No Doctor Who review this week, because it's another two parter, and in this case what I think of it REALLY depends on what the solution will be, because the allegory is really heavy handed and potentially disastrous.
However, last night I watched the latest cinematic version of the Scottish Play, aka the one with Michael Fassbender and Marion Cotillard.
Thoughts: overall, this strikes me as director Justin Kurzel's GrimDark Shakespeare fanfiction, err, vid. Not that Macbeth
is a bundle of laughs in any case, and any screen Shakespeare ends up having lots of lines cut (unless it's Kenneth Branagh wanting to make a point about Hamlet
), but not so coincidentally, this Macbeth
is lacking any and all of what few lighter moments there are. Which means no porter scene at all, no precocious Macduff kids chattering away before doom arrives. Considering the porter scene in particular is always held up as evidence of Shakespeare being a genius (i.e. it's the most suspenseful, tense moment of the play, Macbeth has just committed regicide, there's KNOCKING, and suddenly! Drunk Comedy Scene!), this tells you something about Kurzel (and his scriptwriter team's) idea of how to do drama versus good old Will's.
Otoh team Kurzel even added to the body count, ways of execution and motivation. The opening scene is a funeral for the Macbeths' child (thereby solving ye olde contradiction between "I have given suck" and "he has no children" in ways that doesn't evoke actual history, where historical Lady Macbeth, Gruach, had a child by her first marriage), watched over by the witches who speak a few lines from the play's opening scene, and the implication that losing their child is partly what motivates the Macbeths and already started to unhinge them is there through the rest of the movie. The opening funeral scene later is doubled, and this one goes beneath a spoiler cut because it's in the last third, Kurzel-only, and maybe someone does care to be spoilered. ( How Kurzel explains Lady Macbeth losing it completely. )
Speaking of history, though, the movie attempts to go for a "primitive Scotland" atmosphere by excising any and all contemporary to Shakespeare stuff. Except for the royal castle in the second half of the movie, there aren't any castles at all, Macbeth while he's still a thane has a settlement of wooden huts/houses. (Lady M's reference to "my battlements" is duly gone as well.) No dialogue between the Doctor and the Not!Lady in waiting (who is reduced to a silent female companion of the queen's). Oh, and (entirely correctly) no kilts, in case you feared there were. Though everyone but Cotillard goes for a Scottish accent, which is wavering in Fassbender's case, though the rest is more steadfast.
Acting: Fassbender does his thing of intense brooding with undercurrent of emotional turnmoil, which he does as easily as breathing, but because that's already how he STARTS, there isn't much of an emotional arc. Also the film is the type of Macbeth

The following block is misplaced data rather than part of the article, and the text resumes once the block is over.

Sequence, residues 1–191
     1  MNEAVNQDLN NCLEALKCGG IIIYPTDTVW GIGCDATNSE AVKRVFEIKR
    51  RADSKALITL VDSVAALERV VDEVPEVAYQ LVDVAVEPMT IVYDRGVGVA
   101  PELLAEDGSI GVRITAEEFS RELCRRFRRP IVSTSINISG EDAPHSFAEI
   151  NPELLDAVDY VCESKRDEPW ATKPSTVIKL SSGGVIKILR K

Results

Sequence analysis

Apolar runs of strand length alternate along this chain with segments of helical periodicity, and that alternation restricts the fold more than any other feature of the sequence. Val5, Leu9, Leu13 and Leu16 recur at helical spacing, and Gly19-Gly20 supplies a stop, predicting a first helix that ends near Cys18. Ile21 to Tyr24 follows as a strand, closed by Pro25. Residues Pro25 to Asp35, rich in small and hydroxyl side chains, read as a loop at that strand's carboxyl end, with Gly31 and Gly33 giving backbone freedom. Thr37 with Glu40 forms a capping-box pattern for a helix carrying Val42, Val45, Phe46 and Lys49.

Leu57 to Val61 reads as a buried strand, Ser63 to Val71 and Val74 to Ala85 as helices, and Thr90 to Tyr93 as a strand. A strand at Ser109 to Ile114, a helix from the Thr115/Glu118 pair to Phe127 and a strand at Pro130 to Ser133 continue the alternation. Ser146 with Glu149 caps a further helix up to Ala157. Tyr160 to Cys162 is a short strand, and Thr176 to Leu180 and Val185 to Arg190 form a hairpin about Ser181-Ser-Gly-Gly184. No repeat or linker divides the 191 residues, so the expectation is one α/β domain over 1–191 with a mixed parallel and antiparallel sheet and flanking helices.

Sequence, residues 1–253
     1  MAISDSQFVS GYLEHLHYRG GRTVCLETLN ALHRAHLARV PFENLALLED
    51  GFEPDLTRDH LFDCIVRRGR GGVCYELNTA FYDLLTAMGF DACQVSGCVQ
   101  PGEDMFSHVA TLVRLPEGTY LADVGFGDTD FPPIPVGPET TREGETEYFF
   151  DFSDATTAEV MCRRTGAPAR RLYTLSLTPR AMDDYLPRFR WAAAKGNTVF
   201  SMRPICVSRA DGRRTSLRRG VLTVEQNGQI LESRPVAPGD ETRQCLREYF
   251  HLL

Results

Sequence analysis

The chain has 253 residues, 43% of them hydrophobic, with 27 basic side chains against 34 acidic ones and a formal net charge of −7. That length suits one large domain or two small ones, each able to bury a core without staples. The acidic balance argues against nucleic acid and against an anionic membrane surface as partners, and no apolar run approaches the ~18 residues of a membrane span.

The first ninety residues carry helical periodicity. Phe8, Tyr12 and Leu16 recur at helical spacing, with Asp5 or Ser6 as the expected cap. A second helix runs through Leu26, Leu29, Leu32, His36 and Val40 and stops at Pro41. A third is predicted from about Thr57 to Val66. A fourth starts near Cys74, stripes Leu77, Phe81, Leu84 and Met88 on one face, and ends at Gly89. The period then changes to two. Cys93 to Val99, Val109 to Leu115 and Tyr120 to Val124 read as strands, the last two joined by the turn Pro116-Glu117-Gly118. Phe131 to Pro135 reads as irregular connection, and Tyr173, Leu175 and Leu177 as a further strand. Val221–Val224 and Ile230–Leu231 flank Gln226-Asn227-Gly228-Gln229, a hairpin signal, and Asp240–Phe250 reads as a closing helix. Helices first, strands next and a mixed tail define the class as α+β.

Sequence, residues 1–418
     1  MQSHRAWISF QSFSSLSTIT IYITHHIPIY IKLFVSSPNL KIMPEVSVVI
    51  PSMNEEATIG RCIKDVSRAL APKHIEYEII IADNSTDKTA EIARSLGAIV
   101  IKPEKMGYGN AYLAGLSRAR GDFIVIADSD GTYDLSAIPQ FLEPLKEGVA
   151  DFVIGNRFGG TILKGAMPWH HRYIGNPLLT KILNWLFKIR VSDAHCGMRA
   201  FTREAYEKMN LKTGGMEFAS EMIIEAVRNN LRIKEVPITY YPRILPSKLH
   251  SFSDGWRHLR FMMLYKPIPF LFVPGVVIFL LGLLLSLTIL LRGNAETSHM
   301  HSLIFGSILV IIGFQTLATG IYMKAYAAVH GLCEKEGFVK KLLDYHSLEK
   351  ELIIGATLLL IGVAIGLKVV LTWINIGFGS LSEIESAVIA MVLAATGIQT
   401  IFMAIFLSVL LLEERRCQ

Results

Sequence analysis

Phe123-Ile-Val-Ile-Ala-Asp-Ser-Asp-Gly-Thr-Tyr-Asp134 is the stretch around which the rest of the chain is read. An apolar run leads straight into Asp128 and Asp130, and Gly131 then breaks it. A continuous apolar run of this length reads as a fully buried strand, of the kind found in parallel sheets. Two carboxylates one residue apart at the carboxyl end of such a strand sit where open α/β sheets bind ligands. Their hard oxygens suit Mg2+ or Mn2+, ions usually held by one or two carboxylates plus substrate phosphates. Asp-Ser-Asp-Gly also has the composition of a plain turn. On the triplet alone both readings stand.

production which actually visualizes M's hallucinations. (I've seen productions where the dead Banquo actually shows up, and productions where he doesn't, and let me tell you, the later always worked better for me. And showing
the dagger Macbeth imagines never is as good as relying on your leading man, not to mention it patronizes the audience.) Marion Cottillard isn't as hard as she could be early on, nor really insane and in pieces later. She doesn't sleepwalk, she returns to what used to be the Glamis estate and speaks all the lines of the sleepwalking scene awake as if musing about her past, until the camera reveals that ( spoiler cut just in case. )
In a movie that's GRIM with capital letters, it comes across as an odd restraint or maybe as the wish to keep your leading lady sympathetic.
Another thing: this is a movie with a fondness for male cheek touching, forehead touching, and men cradling each other. When the messengers arrive with news for Macbeth and Banquo, Macbeth is busy cradling a fellow warrior whom Banquo patches up. Duncan cradles Macbeth's cheek (and before that of the rebellious previous thane of Cawdor while pronouncing sentence on him), Macbeth and Banquo do it to each other, Macbeth holds the slain Duncan and so forth. You get the impression someone really really liked both the "I know it was you!" scene between Michael and Fredo from Godfather II
and Craig!Bond's thing for cradling people ('Vesper, Mathis, M) a lot. Or, to put my highbrow hat on, Kurzel is going for a correlation between death and physical expression of affection. (Not surprisingly, the Macbeths end up having sex while conspiring Duncan's murder.)
Influences of previous film versions: Polanski for the final twist. No, it's not Ross as in Polanski, but Fleance, but the implication is the same. (And presumably Team Wurzel wanted to tie up the Witches' prophecy re: Banquo's issue, presumably correctly assuming that most of their target audience don't know Banquo's issue were meant to be the Stuart dynasty.) The famous 1970s Trevor Nunn production (that starred Judi Dench and Ian McKellen and still is my favourite of the play) for individualizing the Witches and going for mother-maiden-crone, though Wurzel also adds a silent child witch and a baby for good measure.
Unholy influence of Zack Snyder: slo mo and frozen battle scenes and key points intercut by fast moving ones.
Trivia: you know, Tolkien came up with the Ents because as a boy he was disappointed when the "when Birnham Wood comes up to Dunsinane" prophecy didn't get fulfilled by the trees literally
moving towards Dunsinane? Tolkien would have been horrified by Wurzels innovation on how the prophecy gets fulfilled, but it makes for the showdown visual he wants. ( Spoilery explanation why. )
In conclusion: not a must among Shakespeare film versions, and I've watched both Fassbender and Cotillard doing better, but it should provide a lot of vid makers with material.